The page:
Charter advocates renew push for Achievement First
Supporters of a proposed charter school system for students in Cranston and Providence will make their case today at the Statehouse.
Critics have raised concerns that new schools would drain resources away from regular public schools. Advocates including Cranston Mayor Alan Fung dispute this claim.
Both Providence and Cranston are likely to see public school funding increase under the state’s new formula for distributing education aid – one of the reasons charter school advocates say district schools are not likely to feel the loss of per-student funding that comes when families chose charter schools.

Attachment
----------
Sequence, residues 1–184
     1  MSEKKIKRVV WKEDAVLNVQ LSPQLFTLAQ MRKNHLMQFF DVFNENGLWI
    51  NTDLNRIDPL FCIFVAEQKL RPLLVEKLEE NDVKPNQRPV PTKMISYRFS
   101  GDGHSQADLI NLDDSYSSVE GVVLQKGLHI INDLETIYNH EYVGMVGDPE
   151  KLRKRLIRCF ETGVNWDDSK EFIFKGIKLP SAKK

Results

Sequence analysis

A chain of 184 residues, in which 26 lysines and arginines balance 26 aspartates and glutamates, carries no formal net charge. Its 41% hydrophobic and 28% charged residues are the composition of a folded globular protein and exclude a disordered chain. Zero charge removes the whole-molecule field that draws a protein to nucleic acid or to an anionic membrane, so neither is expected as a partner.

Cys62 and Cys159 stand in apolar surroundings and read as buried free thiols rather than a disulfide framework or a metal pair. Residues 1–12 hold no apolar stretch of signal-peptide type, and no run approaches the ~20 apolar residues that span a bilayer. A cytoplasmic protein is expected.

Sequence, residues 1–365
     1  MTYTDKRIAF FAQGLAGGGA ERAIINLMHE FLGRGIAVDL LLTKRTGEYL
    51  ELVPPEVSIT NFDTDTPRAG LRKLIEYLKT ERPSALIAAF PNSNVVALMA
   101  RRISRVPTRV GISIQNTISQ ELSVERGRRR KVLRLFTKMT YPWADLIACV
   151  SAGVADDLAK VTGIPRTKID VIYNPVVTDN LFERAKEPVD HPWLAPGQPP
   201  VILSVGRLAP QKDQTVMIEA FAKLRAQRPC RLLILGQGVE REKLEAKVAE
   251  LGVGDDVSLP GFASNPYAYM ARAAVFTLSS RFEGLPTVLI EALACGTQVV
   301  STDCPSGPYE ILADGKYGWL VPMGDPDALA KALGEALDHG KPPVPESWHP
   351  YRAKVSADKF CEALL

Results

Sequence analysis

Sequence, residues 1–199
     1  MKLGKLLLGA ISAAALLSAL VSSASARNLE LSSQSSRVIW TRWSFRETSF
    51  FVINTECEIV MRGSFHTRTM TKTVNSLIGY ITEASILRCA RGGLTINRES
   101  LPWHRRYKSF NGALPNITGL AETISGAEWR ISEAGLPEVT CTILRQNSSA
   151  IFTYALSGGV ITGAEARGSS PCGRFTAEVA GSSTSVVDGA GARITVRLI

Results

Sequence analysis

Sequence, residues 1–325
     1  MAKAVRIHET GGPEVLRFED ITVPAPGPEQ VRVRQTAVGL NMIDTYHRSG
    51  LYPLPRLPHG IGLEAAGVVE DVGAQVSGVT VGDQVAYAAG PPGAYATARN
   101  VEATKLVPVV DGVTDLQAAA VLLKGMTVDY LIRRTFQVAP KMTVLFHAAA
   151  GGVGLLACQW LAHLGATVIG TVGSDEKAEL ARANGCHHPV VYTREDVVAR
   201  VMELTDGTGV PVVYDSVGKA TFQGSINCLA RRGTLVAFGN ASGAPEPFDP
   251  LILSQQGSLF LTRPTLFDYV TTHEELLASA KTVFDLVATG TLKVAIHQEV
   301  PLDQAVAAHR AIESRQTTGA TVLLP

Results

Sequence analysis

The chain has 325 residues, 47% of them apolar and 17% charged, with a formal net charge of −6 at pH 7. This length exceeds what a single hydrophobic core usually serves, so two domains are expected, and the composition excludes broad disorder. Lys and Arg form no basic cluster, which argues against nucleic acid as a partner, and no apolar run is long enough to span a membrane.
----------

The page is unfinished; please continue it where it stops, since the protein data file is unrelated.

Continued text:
School reform advocates say they also plan to use today’s press conference to outline concerns about Governor Lincoln Chafee’s lukewarm stance on charter schools. The group Rhode Island Mayoral Academies warns that Rhode Island could lose millions of dollars in federal grant funding if it renegs on a promise to open more charter schools.
The state Board of Regents for Elementary and Secondary Education has been coy about whether it will support the controversial application for a series of charter schools to be run by charter manager Achievement First. Advocates are hoping for a vote at the board’s next meeting in September.